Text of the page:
Greifswald Süd is a railway station in the town of Greifswald, Mecklenburg-Vorpommern, Germany. The station lies of the Angermünde–Stralsund railway and the train services are operated by Deutsche Bahn and Usedomer Bäderbahn; the station is served by the following service: Regional services RE 3 Stralsund - Greifswald - Pasewalk - Angermünde - Berlin - Ludwigsfelde - Jüterbog - Falkenberg - Elsterwerda Local services UBB 2 Stralsund - Greifswald - Züssow - Wolgast - Heringsdorf - Świnoujście
Developmental cognitive neuroscience is an interdisciplinary scientific field devoted to understanding psychological processes and their neurological bases in the developing organism. It examines how the mind changes as children grow up, interrelations between that and how the brain is changing, environmental and biological influences on the developing mind and brain. Developmental cognitive neuroscience is at the boundaries of neuroscience, developmental science, cognitive science, includes socio-emotional development and developmental aspects of social neuroscience and affective neuroscience; the scientific interface between cognitive neuroscience and human development has evoked considerable interest in recent years, as technological advances make it possible to map in detail the changes in brain structure that take place during development. Developmental cognitive neuroscience overlaps somewhat with fields such as developmental psychology, developmental neuropsychology, developmental psychopathology, developmental neuroscience, but is distinct from each of them as well.
Developmental cognitive neuroscience is concerned with the brain bases of the phenomena that developmental psychologists study. Developmental neuropsychology and developmental psychopathology are both devoted to studying patients, whereas developmental cognitive neuroscience is concerned with studying both typical and atypical development. Developmental neuroscience is devoted to the study of developmental processes in the brain, during the prenatal period. Developmental cognitive neuroscience, on the other hand, is concerned with interrelations between psychological and biological development. Developmental cognitive neuroscientists study brain development and cognitive and emotional development from the prenatal period through adulthood. More developmental cognitive neuroscience is interested in the role of genes in development and cognition. Thus, developmental cognitive neuroscience may shed light on nature versus nurture debates as well as constructivism and neuroconstructivism theories.
Developmental cognitive neuroscience research provides data that alternately blends together, clarifies and causes revisions in developmental and neuroscientific theories. The origin of the discipline of developmental cognitive neuroscience can be traced back to conference held in Philadelphia in 1989 co-funded by NICHD & NIMH, organized by Adele Diamond, that started the process of developmental psychologists, cognitive scientists, neuroscientists talking with one another. To bridge the communication gaps, researchers were invited from different fields who were either using the same experimental paradigms to study the same behaviors or were investigating related scientific questions in complementary ways—though they were unaware of one another’s work, they used different words to talk about their work and had different ways of thinking about it, but the concrete, observable behaviors, the precise experimental conditions under which those behaviors occurred, served to make translation possible.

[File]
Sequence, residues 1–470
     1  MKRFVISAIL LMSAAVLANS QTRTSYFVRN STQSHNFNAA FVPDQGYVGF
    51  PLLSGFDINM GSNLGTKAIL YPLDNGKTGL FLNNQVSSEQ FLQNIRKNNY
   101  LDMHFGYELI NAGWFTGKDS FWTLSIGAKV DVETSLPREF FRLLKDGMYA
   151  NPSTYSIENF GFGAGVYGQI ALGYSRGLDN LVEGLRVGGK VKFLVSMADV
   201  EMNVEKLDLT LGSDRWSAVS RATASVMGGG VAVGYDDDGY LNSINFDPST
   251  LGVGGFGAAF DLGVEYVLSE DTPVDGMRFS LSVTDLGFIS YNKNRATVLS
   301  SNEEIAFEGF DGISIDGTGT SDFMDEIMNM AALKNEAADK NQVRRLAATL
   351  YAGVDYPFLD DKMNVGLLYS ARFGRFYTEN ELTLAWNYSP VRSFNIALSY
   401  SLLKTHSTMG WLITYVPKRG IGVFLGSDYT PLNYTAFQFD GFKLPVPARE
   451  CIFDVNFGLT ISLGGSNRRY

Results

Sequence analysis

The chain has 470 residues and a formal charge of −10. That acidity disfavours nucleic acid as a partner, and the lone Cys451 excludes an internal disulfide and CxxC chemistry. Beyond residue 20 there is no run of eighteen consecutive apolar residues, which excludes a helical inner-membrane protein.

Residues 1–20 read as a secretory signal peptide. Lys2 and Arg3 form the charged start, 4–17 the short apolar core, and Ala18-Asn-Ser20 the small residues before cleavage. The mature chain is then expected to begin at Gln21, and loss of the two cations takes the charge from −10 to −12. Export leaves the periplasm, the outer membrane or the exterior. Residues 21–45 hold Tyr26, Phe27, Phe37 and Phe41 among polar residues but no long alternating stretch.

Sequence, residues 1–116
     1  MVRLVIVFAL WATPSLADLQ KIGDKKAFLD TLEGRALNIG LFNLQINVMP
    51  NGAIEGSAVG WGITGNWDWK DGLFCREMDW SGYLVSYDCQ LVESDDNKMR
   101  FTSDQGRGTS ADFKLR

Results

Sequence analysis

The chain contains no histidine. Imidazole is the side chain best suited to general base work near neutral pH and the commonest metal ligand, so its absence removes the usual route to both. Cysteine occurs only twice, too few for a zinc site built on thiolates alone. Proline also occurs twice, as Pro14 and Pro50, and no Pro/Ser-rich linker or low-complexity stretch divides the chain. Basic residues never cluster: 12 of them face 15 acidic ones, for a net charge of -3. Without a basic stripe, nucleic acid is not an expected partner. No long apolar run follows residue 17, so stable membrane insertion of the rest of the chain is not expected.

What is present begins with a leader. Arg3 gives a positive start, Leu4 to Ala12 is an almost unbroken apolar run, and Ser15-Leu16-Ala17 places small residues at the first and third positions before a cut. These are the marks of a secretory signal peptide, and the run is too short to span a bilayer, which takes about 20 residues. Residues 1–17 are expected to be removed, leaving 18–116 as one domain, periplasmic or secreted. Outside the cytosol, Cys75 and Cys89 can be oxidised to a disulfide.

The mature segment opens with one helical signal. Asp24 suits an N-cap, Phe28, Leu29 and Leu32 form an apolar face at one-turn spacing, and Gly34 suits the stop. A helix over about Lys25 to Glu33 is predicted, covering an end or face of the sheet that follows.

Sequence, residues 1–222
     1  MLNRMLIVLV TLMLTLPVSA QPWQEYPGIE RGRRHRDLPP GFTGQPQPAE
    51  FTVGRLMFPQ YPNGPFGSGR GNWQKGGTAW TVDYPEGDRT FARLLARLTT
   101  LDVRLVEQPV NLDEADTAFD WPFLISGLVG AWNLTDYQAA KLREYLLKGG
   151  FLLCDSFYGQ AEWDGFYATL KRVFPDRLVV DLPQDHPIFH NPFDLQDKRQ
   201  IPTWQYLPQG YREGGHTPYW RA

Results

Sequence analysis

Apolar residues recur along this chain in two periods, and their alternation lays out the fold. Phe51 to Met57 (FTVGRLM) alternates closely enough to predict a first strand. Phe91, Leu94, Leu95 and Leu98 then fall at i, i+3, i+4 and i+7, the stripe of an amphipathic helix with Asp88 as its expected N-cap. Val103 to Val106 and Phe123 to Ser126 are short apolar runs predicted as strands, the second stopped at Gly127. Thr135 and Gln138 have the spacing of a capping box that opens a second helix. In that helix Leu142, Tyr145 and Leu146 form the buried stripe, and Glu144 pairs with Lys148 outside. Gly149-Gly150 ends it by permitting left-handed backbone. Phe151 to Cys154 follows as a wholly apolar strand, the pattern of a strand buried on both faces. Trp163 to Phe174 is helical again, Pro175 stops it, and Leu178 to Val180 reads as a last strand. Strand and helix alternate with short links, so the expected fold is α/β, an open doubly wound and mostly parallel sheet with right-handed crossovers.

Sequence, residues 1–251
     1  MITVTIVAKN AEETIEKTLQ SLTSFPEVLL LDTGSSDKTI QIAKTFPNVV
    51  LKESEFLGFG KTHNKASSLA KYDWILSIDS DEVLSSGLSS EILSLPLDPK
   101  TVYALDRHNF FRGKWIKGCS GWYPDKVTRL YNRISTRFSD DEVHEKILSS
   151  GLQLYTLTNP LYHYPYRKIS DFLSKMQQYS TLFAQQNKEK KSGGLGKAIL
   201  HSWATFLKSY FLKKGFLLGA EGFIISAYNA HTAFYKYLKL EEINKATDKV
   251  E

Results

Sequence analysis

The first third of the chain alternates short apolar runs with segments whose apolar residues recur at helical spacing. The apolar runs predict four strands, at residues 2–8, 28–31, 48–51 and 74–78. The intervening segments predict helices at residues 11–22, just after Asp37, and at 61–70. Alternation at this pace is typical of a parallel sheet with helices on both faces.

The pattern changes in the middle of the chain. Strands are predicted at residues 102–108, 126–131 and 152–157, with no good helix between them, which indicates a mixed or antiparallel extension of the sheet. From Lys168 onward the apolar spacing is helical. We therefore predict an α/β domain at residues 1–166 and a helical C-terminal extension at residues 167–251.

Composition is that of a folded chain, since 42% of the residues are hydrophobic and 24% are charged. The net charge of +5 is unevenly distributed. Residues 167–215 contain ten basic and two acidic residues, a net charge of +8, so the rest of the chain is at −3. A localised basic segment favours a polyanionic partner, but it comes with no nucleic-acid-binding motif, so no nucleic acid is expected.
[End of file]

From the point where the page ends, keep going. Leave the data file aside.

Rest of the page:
Participants were a small Who’s Who of leaders in developmental science, behavioral neuroscience, cognitive science. Several new cross-disciplinary collaborations resulted from it, it is a testament to the value of what came out of the meeting that Oxford University Press tried to acquire the rights to re-issue the book of the meeting’s proceedings 10 years later—The Development and Neural Basis of Higher Cognitive Functions. Developmental psychologists and neuroscientists used to know little of one another’s work. There was so little communication between those fields that for 50 years scientists in both fields were using the same behavioral assay but they did not know it. In the early 1980s, Diamond not only showed these two tasks showed the identical developmental progression and rely on the same region of prefrontal cortex but through a systematic series of studies in human infants, infant and adult monkeys with and without lesions to different brain regions; that work was pivotal in launching the field of developmental cognitive neuroscience because it established the first strong link between early cognitive development and the functions of a specific brain region.
That gave encouragement to others that rigorous experimental work addressing brain-behavior relations was possible in infants. It fundamentally altered the scientific understanding of prefrontal cortex early in development. Mark Johnson's 1997 text Developmental Cognitive Neuroscience was seminal in coining the field's name. Critical to being able to understand brain function in children have been neuroimaging techniques, first EEG & ERPs fMRI, more NIRS, MEG, & TMS that look at function and MRI, DTI, & MRS that look at structure and metabolism. Before functional neuroimaging techniques scientists were constrained to trying to understand function from dysfunction, it is difficult to understate how important technological advances have been to the em